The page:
In 2018, the Giants will have to play better, and they will certainly need to make some changes. Can the team afford to bring in some sluggers, another quality starter, and some decent set-up hurlers? On paper, you'd think it would be possible. But does the management have the will? Is it a matter of money, or are there other factors? Just this week, Giants management opined that star hitters would be hard to convince to come play for the team, given its "difficult" ball park, and California tax rates. But these problems don't seem to have hurt the Dodgers, who have one of the most feared line-ups of all, and will win our division title for the fifth year in a row.  

Tuesday, September 5, 2017

John Ashbery [1927-2017]

When we remember someone we've known, who has died, we may choose, voluntarily or not, to recall them at a certain age in their life. We are all oldest at the point we depart life, but who we were in a larger sense, encompasses the full breadth of our lives, not just the oldest version. Few people are famous as children, or achieve fame at an early enough age that we think of them always as young, immature, and familiar. Perhaps people remember Judy Garland, or Shirley Temple in a perpetual childhood state, as if their having grown up were an afterthought to the larger-than-life quality they projected at the height of their being. 

John Ashbery was precocious from an early age, but developed as a writer somewhat more slowly, reaching an impressive degree of fame in his forties, with the publication of Self-Portrait in a Convex Mirror [1975]. His earlier work had been somewhat notoriously "difficult"--a quality routinely remarked about his work. 

As a young aspiring poet in the 1960's and '70's, I encountered Ashbury's work first by finding a copy of his Tennis Court Oath [Wesleyan University Press, 1962] in a student bookstore while a student at Berkeley in 1968. I wasn't sure what to make of it, but its impressionistic, synesthetic qualities I found intriguing, despite my inability (or unwillingness?) to understand the narrative structure of his poems. It would be later that I would find out about his Dada, Surrealist sources of inspiration, which took some of the mystery (and intrigue) out of my earlier apprehension. When you are young, you may impute mysterious qualities to things simply because of your own innocence or ignorance. 


Ashbery's career unfolded in an odd way. The first two books, Some Trees and Tennis Court, were challenging and unapproachable for the general reader. Rivers and Mountains [1966] was a bit more apprehensible, and the camp The Double Dream of Spring [1970] seemed fully formed, mature work. Three Poems [1972] was like meditative prose-poetry, almost a kind of philosophical tract. So when Self-Portrait appeared, its meditative flow struck just the right note, and won all the prizes. Had Ashbery finally crossed over from hermetic abstruseness to fully realized accessibility? 

As time wore on, Ashbery's productivity increased, turning out almost a book every two years over the next three decades. Rather than becoming clearer and more sensible, his work became difficult again. After Self-Portrait, I tended to lose interest in his poetry, which struck me as repetitive and playful in a frustrating way. Whereas Tennis Court had been innovative and experimental, Self Portrait had been a triumph, a synthesis of organization combined with unusual insights. His later work became increasingly camp and nonsensical, as if these qualities mattered most.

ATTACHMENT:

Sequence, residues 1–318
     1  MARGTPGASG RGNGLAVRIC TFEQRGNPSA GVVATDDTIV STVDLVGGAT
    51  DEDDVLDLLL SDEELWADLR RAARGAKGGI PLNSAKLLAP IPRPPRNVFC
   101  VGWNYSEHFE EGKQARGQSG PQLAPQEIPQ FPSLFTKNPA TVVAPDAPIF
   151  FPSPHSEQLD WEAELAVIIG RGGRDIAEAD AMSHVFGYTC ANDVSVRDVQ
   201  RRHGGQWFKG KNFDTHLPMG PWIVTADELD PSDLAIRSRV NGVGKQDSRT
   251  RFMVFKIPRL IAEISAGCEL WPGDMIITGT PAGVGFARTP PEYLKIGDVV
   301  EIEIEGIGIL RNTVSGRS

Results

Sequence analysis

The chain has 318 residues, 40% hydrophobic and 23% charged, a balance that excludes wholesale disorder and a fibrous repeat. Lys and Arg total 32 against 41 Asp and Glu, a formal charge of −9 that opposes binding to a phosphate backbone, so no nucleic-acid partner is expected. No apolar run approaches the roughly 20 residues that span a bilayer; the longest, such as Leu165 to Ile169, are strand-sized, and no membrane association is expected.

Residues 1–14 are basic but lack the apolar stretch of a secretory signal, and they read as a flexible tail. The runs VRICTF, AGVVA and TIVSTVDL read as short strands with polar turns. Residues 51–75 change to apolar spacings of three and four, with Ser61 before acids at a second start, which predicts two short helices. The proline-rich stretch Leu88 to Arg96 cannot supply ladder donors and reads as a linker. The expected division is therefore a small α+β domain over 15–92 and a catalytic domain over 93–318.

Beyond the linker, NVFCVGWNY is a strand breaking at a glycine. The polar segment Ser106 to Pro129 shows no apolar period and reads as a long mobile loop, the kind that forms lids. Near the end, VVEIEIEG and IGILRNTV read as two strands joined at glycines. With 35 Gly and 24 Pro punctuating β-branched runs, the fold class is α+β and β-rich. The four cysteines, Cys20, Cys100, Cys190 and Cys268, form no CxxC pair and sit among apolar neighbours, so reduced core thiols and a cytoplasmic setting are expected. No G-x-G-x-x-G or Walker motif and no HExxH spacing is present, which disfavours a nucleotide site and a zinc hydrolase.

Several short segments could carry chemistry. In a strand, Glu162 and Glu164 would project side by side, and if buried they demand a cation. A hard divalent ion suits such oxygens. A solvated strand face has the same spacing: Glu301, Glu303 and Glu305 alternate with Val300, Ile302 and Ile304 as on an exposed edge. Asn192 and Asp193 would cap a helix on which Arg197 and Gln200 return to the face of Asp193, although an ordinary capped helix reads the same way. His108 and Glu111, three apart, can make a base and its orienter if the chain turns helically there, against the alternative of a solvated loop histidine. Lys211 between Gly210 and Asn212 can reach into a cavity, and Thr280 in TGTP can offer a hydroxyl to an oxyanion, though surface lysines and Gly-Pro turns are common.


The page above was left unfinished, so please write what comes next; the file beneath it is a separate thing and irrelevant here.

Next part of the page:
I have thought over the last 30 years, that Ashbery had written too much, a feeling I tended to have about other writers, such as John Updike, and W.S. Merwin. It seemed to me that Ashbery had become so facile, that he could turn out a poem at any time, with his characteristically elusive elaboration, without the least provocation. Nearly all of his work is filled with fascinating observations, reports of feeling and concept--but these aspects don't necessarily cohere into unified works of art. The point Ashbery seemed to be making was that they didn't need to. He had "done that" before, so why write it again? 

Ashbery's long denouement will have to await the judgment of history, but for me, his career's apex is Self-Portrait, followed by a series of extended footnotes. 

I had two interactions with him. The first was when he generously agreed to give me poems for a little magazine I was editing in the mid-70's--which, unfortunately, I was never able to use. The second was when I discovered a book that had belonged to him back when he was a graduate student in the early 1950's. I wrote a two-part blog about my speculations regarding the influence of this text on his work, and he wrote me about it. In both instances, he was cordial and not in the least difficult or condescending. 

Ashbery was among the handful of writers who were important to me in my writing life. Sophisticated to a fault, deeply intelligent, open-minded, mischievous, ambitious and tireless. The photo above would be from about the time he would have been writing Self Portrait, I think. It shows a young man, casual and relaxed, with an intense curiosity and determination--qualities that you can sense in his work. Ashbery lived a very long life, and was totally redeemed by his successful writing. When someone lives for that long (aged 90) there is little to mourn, because nothing is wasted. He used it all up, a self-consuming artifact of time.